That “Brazil is not for beginners” is well known by gringos, brasileiros and the media alike (Seriously—just pick a language and google it). These immortal words, coined by “The Girl from Ipanema” composer, Tom Jobim, seem to be something of a point of pride among Brazilians and an obligatory post title for anyone in the blogosphere (and far be it for me to buck the trends—see below). The phrase seems to apply especially to business and government and more generally, to the extreme bureaucracy encountered when trying to get anything done in Brazil.
I don’t know which came first, jeitinho or the incredible amounts of red tape, but at this point they seem to go hand in hand. Jeitinho, the diminutive of “jeito” or “way,” refers to the manner in which Brazilians tend to find a “way” to get what they need, even though (or especially when) it involves circumventing the rules or the law. When I first heard “Brazil is not for beginners” spoken with pride by my Portuguese tutor, it seemed at odds with all the warm, extremely welcoming Brazilians I have been lucky enough to befriend over the past year or so (including my tutor). But the biggest component of jeitinho derives from this very factor; Brazilians will do anything to help out a friend or relative, from helping them cut in line to getting a job or a visa. And many times the only way to accomplish these goals in one lifetime is by employing jeitinho.
Jeitinho is, of course, a stumbling block for any foreigner. How can you use jeitinho if you don’t have the network or connections anyone native to a given country develops naturally? How can you bypass the system if you haven’t grown up with the rules, never mind had years of social education learning how they are best bypassed? I think for me, jeitinho will pose a special challenge. I am extremely “by the book.” I follow rules and respect authority to a fault (Hmm. I’m rethinking my parents’ positive reception to my Brazil decision. Maybe they were just happy I’m not joining the military?). I get disproportionately irritated when people seemingly “don’t see me” and jump me in a line. To add to that, I feel uncomfortable asking people to do things for me, even if we have known each other for years, never mind if we have just met. So basically I am brasileira.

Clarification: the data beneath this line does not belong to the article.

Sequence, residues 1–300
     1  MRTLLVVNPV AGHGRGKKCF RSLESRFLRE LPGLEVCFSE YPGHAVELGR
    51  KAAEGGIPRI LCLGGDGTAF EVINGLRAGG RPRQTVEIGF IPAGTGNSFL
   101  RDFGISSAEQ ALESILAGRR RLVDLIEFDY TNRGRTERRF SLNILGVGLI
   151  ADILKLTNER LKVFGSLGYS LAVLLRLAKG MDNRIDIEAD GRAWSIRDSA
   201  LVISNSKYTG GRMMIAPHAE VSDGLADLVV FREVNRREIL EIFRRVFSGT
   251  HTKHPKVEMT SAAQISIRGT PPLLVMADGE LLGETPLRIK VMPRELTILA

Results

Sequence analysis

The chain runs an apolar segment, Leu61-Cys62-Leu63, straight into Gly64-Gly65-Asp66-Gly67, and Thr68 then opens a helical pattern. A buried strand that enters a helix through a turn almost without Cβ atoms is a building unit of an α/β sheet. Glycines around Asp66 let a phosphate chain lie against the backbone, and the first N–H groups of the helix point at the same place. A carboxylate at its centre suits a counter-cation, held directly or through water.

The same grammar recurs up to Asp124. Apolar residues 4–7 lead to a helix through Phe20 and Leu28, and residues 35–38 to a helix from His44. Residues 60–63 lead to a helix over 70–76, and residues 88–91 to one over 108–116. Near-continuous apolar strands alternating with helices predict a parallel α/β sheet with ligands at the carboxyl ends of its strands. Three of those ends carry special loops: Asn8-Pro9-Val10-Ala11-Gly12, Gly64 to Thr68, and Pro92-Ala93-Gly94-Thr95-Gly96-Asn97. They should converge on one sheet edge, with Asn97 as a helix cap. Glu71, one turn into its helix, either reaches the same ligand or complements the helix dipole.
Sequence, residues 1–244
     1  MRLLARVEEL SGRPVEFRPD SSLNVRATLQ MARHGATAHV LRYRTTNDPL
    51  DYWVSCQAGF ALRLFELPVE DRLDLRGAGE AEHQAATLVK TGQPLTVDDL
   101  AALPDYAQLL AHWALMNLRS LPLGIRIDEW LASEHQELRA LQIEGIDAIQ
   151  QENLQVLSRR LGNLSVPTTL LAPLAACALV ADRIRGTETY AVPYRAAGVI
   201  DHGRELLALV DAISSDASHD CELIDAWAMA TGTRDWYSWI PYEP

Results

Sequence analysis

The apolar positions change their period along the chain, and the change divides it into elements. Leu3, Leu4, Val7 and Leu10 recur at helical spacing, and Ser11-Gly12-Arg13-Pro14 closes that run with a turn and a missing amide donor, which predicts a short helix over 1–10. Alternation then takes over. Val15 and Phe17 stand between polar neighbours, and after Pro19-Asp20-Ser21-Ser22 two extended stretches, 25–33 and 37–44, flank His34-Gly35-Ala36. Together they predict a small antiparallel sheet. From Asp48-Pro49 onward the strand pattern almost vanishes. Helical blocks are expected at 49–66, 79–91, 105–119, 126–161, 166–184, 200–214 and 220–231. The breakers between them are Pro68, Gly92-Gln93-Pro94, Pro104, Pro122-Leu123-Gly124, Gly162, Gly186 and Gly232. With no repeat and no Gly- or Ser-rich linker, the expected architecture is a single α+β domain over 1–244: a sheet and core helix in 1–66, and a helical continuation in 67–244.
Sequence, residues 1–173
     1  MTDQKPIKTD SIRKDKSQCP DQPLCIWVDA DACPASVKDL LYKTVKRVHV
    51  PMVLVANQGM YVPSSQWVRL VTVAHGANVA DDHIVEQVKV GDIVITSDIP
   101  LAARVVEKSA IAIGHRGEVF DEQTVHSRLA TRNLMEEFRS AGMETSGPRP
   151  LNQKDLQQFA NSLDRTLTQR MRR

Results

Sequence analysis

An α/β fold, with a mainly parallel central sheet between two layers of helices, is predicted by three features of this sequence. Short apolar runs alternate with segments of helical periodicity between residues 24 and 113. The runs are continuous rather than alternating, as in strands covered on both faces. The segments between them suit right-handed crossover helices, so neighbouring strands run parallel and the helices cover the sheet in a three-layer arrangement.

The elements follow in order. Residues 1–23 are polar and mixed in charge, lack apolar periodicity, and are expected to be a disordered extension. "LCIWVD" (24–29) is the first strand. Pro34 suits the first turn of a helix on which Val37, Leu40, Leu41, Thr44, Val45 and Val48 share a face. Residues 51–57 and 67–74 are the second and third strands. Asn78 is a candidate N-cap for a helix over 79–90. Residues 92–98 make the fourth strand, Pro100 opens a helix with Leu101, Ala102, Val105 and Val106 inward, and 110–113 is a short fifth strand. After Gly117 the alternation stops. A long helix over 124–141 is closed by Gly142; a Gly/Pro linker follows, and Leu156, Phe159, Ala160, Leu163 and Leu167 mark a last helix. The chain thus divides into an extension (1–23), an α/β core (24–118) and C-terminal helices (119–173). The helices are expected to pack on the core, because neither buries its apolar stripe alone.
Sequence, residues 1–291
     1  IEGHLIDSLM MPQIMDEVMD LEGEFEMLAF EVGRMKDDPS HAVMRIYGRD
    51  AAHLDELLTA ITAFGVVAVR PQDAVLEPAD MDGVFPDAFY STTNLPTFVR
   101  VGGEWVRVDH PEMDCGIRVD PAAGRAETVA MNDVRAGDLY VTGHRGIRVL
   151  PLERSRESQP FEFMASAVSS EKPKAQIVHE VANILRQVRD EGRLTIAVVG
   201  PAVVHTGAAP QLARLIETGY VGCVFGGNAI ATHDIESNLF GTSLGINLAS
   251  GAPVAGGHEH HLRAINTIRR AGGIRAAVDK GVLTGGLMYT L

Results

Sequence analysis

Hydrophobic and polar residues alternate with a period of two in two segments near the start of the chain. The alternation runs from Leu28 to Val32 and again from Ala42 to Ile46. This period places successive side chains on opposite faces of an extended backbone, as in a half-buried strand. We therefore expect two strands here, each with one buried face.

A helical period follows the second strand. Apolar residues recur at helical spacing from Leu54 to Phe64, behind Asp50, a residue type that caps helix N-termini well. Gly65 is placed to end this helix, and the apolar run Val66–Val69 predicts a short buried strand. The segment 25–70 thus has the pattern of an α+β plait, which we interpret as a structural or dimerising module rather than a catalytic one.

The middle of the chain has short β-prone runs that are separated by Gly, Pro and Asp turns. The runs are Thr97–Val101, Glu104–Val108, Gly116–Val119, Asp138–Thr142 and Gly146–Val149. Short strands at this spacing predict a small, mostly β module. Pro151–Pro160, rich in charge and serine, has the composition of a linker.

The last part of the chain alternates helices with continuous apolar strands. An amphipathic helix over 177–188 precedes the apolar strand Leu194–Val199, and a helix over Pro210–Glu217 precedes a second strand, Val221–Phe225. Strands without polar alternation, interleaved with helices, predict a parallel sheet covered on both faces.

I can’t predict now how my experience with jeitinho will be. I have to somehow accept that it will be a special challenge for me, but it’s just the way of life there. So many of my friends seem to know someone in Sao Paulo—which may not be that surprising given the metro area has 20 million people—and all of them have offered to put me in touch with their friends. I love meeting new people anyway, but I still feel a little weird about accepting this kind of help.
But I feel even worse about the really great new Brazilian friends I have met here in Durham who, even after knowing me for such a brief amount of time, are helping me with Portuguese, teaching me about their country and culture and putting me in touch with their Paulistano friends. All this, just so I can have a smoother transition and maybe even find a job when I move to their country, thousands of miles away. I think the first step of my transition though, is to humbly accept this help, knowing that if I can ever do anything to help my friends, old and new (I’m beginning to see why my dad thinks I’ll wind up in jail), I would be proud to. Now loosening up on people who cut in line—that might take me a while.